Can the piracy-ravaged Chinese market represent a sales opportunity for record labels after all?
Sparking such hopes is a licensing agreement between One-Stop China, a joint venture of Universal Music Group, Sony Music Entertainment and Warner Music Group, and Baidu, China's dominant online search engine and a longtime thorn in the side of the recording industry for providing links to infringing music.
Under a deal announced July 19, Baidu will provide its users with free ad-supported music streams from the three majors and has agreed to remove links to unlicensed copies of their music on third-party sites. Registered users can also download up to 100 tracks for free. Once they reach that limit, they can sign up for a subscription music service that Baidu plans to launch later this year that will charge them a monthly fee for unlimited downloads and other premium services, including a possible cloud-based locker.
It's a bold proposition in a market where most music fans download music illegally or purchase cheap counterfeit CDs. But Baidu, which also has a licensing pact with EMI Music, believes its mix of ad-supported free music and paid services will appeal to consumers.
"With the right incentives, with the right value-add," company spokesman Kaiser Kuo says, "we're hoping we'll be able to incentivize people to pay for something."
Max Hole, a One-Stop China director and COO of Universal Music Group International in London, hails the agreement as "a landmark deal," expressing the hope that converting Baidu into a licensed service for major-label music could level the playing field for other legal services in China.
But with major labels accounting for only a minority of total Chinese music sales, their licensing deals with Baidu represent just one step in what's likely to be a long, hard slog by international and domestic artists, labels and music publishers to generate meaningful revenue from the market.
The trade value of music sales in China totaled just $64.3 million in 2010, down 14.9% from a year earlier, according to IFPI, which ranked the world's second-largest economy only 27th in terms of music sales, placing it between Ireland and Turkey.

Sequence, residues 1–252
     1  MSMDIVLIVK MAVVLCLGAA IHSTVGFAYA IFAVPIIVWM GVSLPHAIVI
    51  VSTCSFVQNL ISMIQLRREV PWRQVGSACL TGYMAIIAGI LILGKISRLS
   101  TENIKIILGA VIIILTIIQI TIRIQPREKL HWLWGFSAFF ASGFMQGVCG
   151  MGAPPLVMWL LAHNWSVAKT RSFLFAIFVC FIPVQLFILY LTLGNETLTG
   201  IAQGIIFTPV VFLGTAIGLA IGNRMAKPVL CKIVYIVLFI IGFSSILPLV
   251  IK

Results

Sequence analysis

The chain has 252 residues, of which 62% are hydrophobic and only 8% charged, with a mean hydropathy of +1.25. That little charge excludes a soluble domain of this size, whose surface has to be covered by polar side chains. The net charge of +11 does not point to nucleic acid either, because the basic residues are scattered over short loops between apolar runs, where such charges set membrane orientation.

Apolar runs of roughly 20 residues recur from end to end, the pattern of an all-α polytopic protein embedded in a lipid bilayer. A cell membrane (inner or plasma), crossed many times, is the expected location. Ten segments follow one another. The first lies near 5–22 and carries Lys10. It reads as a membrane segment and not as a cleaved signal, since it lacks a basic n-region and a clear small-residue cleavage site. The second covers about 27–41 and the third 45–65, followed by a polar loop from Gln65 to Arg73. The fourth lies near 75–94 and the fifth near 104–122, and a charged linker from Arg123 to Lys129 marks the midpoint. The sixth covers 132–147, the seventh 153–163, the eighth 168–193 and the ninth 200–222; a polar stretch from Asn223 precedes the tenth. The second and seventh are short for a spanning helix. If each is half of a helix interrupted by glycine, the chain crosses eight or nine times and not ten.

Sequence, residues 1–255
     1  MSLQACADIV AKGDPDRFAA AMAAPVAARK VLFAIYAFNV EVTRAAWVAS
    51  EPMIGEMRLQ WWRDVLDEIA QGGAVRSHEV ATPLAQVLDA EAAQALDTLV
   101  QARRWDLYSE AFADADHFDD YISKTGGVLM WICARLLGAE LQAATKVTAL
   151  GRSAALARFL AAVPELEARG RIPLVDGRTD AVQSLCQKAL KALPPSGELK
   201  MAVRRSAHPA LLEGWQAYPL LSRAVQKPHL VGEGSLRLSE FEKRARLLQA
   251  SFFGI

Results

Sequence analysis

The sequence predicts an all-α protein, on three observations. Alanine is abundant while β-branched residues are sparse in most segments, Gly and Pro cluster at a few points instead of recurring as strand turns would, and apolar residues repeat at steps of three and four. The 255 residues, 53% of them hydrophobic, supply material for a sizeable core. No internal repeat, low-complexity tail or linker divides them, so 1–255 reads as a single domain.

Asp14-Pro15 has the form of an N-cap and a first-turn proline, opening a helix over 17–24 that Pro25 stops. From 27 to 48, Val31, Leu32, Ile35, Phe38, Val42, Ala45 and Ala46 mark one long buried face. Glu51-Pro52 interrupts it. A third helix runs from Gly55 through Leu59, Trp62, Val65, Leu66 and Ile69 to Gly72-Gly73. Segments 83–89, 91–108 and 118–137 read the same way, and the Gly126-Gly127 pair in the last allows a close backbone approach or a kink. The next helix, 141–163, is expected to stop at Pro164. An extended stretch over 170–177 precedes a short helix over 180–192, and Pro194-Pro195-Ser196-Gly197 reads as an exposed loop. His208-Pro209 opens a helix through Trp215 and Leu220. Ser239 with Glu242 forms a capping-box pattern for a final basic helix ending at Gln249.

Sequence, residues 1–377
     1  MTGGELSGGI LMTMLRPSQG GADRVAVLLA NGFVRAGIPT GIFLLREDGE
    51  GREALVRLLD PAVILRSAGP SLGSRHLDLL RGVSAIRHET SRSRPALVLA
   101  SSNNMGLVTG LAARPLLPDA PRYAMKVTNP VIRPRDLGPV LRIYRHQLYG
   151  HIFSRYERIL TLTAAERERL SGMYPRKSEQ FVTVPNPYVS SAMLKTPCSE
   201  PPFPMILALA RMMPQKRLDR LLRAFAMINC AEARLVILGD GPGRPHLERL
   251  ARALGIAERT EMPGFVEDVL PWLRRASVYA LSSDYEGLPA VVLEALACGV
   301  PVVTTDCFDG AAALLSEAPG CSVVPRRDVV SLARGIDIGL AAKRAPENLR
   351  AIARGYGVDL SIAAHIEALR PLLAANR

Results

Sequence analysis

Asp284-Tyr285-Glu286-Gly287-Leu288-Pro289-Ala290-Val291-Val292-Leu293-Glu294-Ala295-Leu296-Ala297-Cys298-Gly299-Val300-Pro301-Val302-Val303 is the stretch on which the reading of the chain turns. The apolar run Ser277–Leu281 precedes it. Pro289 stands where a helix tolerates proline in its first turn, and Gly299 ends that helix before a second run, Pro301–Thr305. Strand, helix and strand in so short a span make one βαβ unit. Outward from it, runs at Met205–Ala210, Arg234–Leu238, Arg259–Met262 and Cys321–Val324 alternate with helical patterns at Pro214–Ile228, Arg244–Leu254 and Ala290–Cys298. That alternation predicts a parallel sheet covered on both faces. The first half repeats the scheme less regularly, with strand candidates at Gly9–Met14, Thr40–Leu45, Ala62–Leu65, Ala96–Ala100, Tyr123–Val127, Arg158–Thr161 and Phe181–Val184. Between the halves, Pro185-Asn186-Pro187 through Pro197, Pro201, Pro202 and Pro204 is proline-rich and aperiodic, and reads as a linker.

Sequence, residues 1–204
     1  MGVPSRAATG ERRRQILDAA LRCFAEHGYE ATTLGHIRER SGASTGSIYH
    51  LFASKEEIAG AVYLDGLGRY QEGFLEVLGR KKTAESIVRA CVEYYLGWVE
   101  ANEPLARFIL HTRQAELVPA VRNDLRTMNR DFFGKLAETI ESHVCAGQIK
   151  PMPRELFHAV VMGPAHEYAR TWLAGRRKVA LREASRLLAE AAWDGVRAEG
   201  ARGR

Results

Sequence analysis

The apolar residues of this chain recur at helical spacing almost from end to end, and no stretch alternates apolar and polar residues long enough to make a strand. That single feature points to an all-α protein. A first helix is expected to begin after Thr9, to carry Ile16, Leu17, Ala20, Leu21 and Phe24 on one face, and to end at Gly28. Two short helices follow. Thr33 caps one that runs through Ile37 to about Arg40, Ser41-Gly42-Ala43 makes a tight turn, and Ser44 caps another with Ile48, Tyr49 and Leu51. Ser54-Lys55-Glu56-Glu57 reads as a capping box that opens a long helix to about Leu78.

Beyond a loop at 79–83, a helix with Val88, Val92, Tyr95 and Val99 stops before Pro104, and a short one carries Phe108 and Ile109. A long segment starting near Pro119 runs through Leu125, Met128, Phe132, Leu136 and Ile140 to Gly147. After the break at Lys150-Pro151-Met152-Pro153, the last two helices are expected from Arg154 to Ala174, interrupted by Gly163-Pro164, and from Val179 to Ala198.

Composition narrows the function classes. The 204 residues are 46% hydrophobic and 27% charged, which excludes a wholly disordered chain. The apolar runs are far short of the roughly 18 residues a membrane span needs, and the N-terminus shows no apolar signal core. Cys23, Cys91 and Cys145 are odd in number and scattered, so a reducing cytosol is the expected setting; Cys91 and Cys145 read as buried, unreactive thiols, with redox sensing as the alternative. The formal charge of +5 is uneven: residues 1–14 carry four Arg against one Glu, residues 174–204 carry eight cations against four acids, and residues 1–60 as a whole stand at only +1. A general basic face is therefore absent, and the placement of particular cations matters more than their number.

Even though the major labels' rosters include top stars who sing in Mandarin and Cantonese, they make up a relatively small portion of the overall China music market. Universal, Sony and Warner accounted for only 34.9% of recorded-music sales in 2009, according to estimates published in January by London-based research and consulting firm Informa Telecoms & Media. (EMI scaled back its presence in China in 2008 when it sold its stakes in two Chinese joint-venture companies.)
What's most encouraging about the Baidu deal aren't the immediate rewards for the labels but rather the changed tone of the dialogue between the search giant and rights-holders, says Ed Peto, managing director of Beijing-based music business consultancy Outdustry.Ã¢Â€Â©"Until recently, Baidu has been almost exclusively run by technologists with a focus on product and audience development at the expense of copyright," Peto says. "This deal suggests Baidu is ready for a more progressive relationship with the music industry."
Baidu isn't the first major Internet company in China to offer free, fully licensed access to music from all four major labels. Google has operated a Chinese music service since 2008 with local partner Top100.cn, which has deals with all of the majors.
Gary Chen, co-founder/CEO of Top100.cn parent Orca Digital, says Baidu's deal with the majors is a positive development for other legitimate music services, which he says have also benefited from recent government efforts to crack down on infringing websites.
Top100.cn is planning to launch a subscription download service later this year geared toward mobile users, who contend with high data charges and may welcome a budget-friendly alternative to the cost of streaming music over their phones, Chen says.
"The mobile Internet is exploding," he says. "It's a crucial moment."
Do China's chronic challenges with piracy mean it's likely to remain a minor music market?
"I see something bigger than that," Universal's Hole says. "Does that mean it will catch up with the U.S. or Japan? Certainly not. But I'm now starting to feel that in the next five years, this could start to be significant."